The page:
Prep 10 mins
Cook 0 mins
This recipe is adapted from Tom Colicchio's "Think Like a Chef" cookbook. We had a very nice, thick piece of wild salmon, so I decided to try this recipe. I still think I need more practice with making the salt crust and getting it off, but it was a very interesting change of pace for salmon.
- 1 tablespoon olive oil
- 1 1⁄2 lbs salmon fillets, skin on, cut into serving-size pieces
- 4 cups coarse salt, approximately (the really big granules, not just kosher)
- fresh ground black pepper
- extra virgin olive oil
- lemon, sections
- Heat the oven to 400 degrees F.
- Heat 1 T oil in a ovenproof skillet (I use cast iron) until it just shimmers (do not let it smoke). Add the salmon skin side down and cook until the skin begins to crisp, about 2-3 minutes.
- Mound the salt around and over each piece, trying to get it to really make a cohesive crust on each one (will make removal easier later).
- Roast in oven for 5 minutes per inch of thickness. Remove the salmon from the oven and let sit for 2 minutes in the crust. Carefully brush away the salt (the top will look slightly rare but the side will be cooked). Transfer to a clean work surface and finish removing salt with a pastry brush.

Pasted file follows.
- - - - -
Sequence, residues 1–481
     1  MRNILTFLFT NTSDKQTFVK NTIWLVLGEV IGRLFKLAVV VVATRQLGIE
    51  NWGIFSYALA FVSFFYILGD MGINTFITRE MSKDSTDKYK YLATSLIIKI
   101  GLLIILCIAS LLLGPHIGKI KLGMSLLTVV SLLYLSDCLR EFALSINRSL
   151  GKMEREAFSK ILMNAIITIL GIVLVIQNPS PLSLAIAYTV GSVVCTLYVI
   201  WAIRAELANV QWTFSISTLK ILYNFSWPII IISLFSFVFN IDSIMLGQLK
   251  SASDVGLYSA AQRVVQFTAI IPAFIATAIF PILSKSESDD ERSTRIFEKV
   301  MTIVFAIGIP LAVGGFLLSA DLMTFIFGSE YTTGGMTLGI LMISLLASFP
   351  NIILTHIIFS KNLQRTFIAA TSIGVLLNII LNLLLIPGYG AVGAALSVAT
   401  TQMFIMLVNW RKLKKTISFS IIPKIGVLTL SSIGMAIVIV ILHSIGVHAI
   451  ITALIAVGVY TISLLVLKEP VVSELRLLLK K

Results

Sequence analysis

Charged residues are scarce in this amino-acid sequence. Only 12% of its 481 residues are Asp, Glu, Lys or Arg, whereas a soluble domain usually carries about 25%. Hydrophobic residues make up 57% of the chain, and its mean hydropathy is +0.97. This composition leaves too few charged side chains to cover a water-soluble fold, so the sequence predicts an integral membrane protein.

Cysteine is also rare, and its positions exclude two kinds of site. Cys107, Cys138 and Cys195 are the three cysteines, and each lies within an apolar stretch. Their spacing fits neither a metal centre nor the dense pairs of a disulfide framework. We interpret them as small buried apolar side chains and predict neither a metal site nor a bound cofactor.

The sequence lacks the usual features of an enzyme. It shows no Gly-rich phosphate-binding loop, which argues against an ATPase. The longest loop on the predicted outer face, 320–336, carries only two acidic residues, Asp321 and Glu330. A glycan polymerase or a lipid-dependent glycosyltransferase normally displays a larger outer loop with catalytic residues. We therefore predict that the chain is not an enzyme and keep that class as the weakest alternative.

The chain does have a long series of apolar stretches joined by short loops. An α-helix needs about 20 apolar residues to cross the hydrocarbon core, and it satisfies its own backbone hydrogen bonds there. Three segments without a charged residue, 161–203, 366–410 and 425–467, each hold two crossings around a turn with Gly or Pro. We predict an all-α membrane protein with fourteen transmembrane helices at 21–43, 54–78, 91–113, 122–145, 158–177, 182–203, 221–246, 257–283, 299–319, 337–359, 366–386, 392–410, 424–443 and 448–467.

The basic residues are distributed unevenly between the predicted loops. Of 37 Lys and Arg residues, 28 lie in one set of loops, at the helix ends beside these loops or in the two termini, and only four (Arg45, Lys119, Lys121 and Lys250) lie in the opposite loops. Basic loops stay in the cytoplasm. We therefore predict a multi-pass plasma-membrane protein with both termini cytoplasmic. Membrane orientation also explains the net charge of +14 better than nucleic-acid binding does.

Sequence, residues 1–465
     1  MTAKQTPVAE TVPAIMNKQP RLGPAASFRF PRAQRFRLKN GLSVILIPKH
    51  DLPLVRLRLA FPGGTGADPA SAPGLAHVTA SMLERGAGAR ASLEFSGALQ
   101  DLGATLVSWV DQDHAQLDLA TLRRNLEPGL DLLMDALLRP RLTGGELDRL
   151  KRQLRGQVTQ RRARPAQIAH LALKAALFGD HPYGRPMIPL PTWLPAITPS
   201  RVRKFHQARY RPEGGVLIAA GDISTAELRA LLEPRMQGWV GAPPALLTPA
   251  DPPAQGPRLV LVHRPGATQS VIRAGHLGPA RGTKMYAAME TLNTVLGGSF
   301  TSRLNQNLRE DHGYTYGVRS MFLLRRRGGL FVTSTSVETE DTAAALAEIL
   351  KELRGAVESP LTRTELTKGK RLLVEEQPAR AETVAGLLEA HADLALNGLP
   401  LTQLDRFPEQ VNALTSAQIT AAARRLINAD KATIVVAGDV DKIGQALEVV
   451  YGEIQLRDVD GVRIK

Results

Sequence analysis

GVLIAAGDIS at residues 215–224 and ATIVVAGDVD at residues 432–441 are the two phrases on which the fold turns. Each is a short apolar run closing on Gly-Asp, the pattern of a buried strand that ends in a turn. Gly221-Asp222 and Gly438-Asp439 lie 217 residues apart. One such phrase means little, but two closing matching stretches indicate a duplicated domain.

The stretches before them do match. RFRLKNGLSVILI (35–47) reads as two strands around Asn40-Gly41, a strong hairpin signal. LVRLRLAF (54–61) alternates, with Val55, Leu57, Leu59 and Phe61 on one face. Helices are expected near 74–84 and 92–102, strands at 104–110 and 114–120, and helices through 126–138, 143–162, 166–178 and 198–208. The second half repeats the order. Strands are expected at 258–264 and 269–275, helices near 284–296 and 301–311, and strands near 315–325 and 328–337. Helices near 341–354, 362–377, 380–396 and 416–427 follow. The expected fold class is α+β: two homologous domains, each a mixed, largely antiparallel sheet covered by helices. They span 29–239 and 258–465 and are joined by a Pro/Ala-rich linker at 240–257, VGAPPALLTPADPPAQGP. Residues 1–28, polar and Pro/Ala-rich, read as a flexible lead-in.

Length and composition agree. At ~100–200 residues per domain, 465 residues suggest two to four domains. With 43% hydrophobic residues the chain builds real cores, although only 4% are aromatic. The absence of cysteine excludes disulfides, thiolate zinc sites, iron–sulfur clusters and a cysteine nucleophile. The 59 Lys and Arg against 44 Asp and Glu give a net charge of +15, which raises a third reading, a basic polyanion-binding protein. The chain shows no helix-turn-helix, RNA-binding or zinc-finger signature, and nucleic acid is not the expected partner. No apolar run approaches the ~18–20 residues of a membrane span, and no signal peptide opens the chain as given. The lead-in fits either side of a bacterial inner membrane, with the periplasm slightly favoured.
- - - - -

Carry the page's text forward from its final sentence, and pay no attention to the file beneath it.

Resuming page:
- Season with a drizzle of extra-virgin olive oil, fresh ground black pepper, and serve with a little lemon.
- The salmon will seem a little dry but will not be overcooked. This really brings out the flavor of the salmon.
This was recipe is a waste of salmon and salt. Frankly over powered with salt and the salt flavor carried over to the rest of our meal making everything just taste salty. Not trying this dish again!
Hello Gay: Your recipe sounds wonderful and I am going to try it. You said you had trouble with the salt coming off the salmon. When I do salt baked salt potatoes I cover the the potato with butter and then with the salt and the salt just falls off. Perhaps if you were to brush the salmon first with olive oil or spray with a lot fat cooking spray and then cover with salt it would come away easier, and also keep the salmon moister. Now I don't know if it will work, but it is worth a try. You have some lovely recipes and I'm looking forward to trying a lot of them.
This is maybe the easiest way to produce a yummy and juice fish. First, sear it in the pan to get a crispy skin. And then roast it, protected by salt in the oven. It doesn't need spices or additional flavours. It is full of flavour. A suggestion: Add an egg white to the coarse salt and you will get crust, which is easier to handle.